Mindset & Well-Being

5 Ways Health Coaches Improve People’s Wellbeing

Research has shown that certified health and wellness coaches significantly improve client wellness and patient health outcomes. 

Health coaches are professionally trained in health behavior change theory and have a range of tools that are proven to be effective in helping people adopt or reinforce habits that promote all aspects of wellness

From the perspective of prevention, health coaches can support clients in identifying behaviors that may increase their risks of developing chronic disease and can reinforce health-promoting behaviors the client already puts into practice. 

Health coaches are also instrumental in supporting clients who have already been diagnosed with a disease or condition and who are seeking help in adopting habits that make sense for them (culturally, economically, and geographically) to manage the disease. 

There is a growing need for health coaches in health systems where primary care physicians are overworked. Often, physicians interact with patients for only a few minutes. Without support, patients are left alone to decipher medications and make generalized lifestyle recommendations that make sense to them. 

We know that health coaching is effective; the question is, what do health coaches do that make them so effective? Or, perhaps, if you are a health coach, how can you fortify your practice to make the best positive impact you can?

In this article, we explore health coaching techniques to use during and between sessions with their patients to improve their wellbeing. 

Your Guide to Becoming a Board Certified Health Coach

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What Health Coaches Can Do to Improve Their Client’s Wellbeing – Roles of the Health Coach 

Providing information

Providing information is perhaps one of the most used health coaching techniques to help improve a client’s wellbeing.

Training to become a health coach often focuses on research on best practices, techniques, causal relationships between behaviors and habits, and their effects on health, and trends. Most clients have not been as immersed in the research as their coaches have, and they often look to their health coaches, in addition to their primary care providers, to gain access to and understand the information regarding their health and wellbeing. 

Health coaches should try to provide information: 

  • Only after they have asked permission to provide information. If the client provides permission, they may be more receptive to what the coach is saying. If they don’t give permission (“I don’t want to hear about that right now.”; “I already know what I need to know.”; “I’m not in the right place to learn anything new right now.”), then the coach should respect their wishes and move on. 
  • That is specific to the topic at hand.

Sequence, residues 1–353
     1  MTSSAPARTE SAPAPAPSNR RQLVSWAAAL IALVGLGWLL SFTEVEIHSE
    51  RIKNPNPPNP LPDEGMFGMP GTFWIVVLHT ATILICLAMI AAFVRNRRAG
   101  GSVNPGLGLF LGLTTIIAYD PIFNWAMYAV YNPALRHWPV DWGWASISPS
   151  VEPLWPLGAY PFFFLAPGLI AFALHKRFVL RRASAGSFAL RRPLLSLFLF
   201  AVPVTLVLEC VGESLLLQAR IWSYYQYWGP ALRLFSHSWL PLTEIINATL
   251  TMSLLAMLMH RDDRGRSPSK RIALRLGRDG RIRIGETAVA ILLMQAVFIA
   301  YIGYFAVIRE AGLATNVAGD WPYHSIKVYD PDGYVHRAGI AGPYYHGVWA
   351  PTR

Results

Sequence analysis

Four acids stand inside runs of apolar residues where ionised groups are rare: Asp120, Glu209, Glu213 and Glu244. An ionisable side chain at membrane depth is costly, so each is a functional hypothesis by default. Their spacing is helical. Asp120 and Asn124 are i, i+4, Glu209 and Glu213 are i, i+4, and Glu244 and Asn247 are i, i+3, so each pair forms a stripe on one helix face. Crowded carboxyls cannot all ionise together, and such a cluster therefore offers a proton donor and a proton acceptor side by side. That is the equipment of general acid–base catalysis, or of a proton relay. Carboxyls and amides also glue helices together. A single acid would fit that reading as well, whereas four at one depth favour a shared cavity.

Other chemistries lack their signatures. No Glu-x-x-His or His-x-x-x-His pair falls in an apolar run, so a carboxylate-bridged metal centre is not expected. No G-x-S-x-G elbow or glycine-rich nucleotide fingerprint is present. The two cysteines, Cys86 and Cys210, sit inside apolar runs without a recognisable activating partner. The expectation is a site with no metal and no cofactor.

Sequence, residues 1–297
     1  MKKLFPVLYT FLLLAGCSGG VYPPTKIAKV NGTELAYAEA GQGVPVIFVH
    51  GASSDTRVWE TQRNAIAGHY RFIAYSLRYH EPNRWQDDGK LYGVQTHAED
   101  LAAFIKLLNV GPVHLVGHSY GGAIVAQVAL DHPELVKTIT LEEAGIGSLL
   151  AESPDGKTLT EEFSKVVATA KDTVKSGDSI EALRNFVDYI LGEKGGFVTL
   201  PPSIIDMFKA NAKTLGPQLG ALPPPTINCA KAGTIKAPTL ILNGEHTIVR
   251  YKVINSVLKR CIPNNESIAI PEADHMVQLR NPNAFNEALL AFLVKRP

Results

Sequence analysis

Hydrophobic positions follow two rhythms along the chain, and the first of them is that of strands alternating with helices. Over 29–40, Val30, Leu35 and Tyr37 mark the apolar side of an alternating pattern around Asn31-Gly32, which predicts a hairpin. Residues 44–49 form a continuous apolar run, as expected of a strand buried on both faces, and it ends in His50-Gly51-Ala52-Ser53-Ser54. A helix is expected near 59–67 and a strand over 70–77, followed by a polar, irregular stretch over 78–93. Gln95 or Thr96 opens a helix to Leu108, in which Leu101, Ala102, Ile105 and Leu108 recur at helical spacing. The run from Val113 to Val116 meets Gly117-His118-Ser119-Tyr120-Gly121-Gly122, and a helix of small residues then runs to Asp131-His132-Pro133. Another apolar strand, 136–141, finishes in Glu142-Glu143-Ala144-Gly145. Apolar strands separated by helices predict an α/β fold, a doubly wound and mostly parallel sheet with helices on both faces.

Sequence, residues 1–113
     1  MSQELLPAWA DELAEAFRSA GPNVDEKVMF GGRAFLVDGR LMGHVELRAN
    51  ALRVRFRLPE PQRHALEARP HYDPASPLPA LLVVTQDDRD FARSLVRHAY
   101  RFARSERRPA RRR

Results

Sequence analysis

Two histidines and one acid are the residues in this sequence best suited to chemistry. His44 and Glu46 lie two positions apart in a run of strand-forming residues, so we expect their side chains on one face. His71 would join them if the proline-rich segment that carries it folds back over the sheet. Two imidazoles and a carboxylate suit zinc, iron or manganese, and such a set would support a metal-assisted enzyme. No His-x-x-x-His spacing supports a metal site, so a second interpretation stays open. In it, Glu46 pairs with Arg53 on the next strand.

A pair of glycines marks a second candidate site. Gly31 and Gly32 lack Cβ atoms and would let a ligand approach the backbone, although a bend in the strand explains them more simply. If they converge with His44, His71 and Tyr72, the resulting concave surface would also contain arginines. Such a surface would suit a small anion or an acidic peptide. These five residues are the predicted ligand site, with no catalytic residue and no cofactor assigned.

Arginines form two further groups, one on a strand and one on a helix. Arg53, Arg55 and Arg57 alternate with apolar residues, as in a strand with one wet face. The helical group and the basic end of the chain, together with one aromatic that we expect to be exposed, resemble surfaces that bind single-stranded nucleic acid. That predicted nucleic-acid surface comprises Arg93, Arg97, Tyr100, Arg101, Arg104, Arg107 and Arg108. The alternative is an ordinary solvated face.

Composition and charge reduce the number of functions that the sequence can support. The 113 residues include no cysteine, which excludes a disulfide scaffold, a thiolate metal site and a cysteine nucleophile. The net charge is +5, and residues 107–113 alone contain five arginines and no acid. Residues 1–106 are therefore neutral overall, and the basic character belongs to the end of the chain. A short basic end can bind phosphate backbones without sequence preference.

• Succinctly and using clear language. 
  • For which they are able to provide multiple examples.  

Health coaches should generally avoid providing information that:

  • Is unsolicited. Providing information that is unsolicited can often be interpreted as patronizing, and the client may not immediately understand why it is relevant to their case.
  • The client specifically said they didn’t want to hear about or weren’t interested in. They have a right to decide if and when they are ready to examine their behaviors, learn about how they might be impacting their health, and make changes. 
  • Is about the client’s body, feelings, or experience (only your client can be an expert on themselves).
  • Is shared specifically to make the client feel bad about their actions. Coaches should use empathy and validation to bridge an understanding of current health behaviors and share new information with the client’s permission. 
  • Is unproven or doesn’t have strong evidence to support it. It is essential that coaches stay up-to-date with the most recent research and guidelines in the coach’s area of expertise.  
  • Is out of the coach’s scope of practice. 

Providing information is an important part of your coaching practice, but it is just one part. The next sections focus on other key roles. 

Providing support on their wellness journey

Just a reminder—it is the client’s wellness journey, not the coach’s. Clients get to choose what is important to them, if and when they feel right making changes, and how to best achieve those changes. Providing support as a health and wellness coach can mean many things. It can mean:

  • Providing scientific information about the benefits or setbacks of certain actions
  • Providing best practices for ways to achieve changes
  • Offering concrete tools that can help clients understand themselves better, track progress, and reach their goals
  • Helping clients talk through difficulties and challenges and helping to identify ways to overcome them
  • Helping clients identify a support system, including the coach, friends, family, or other clients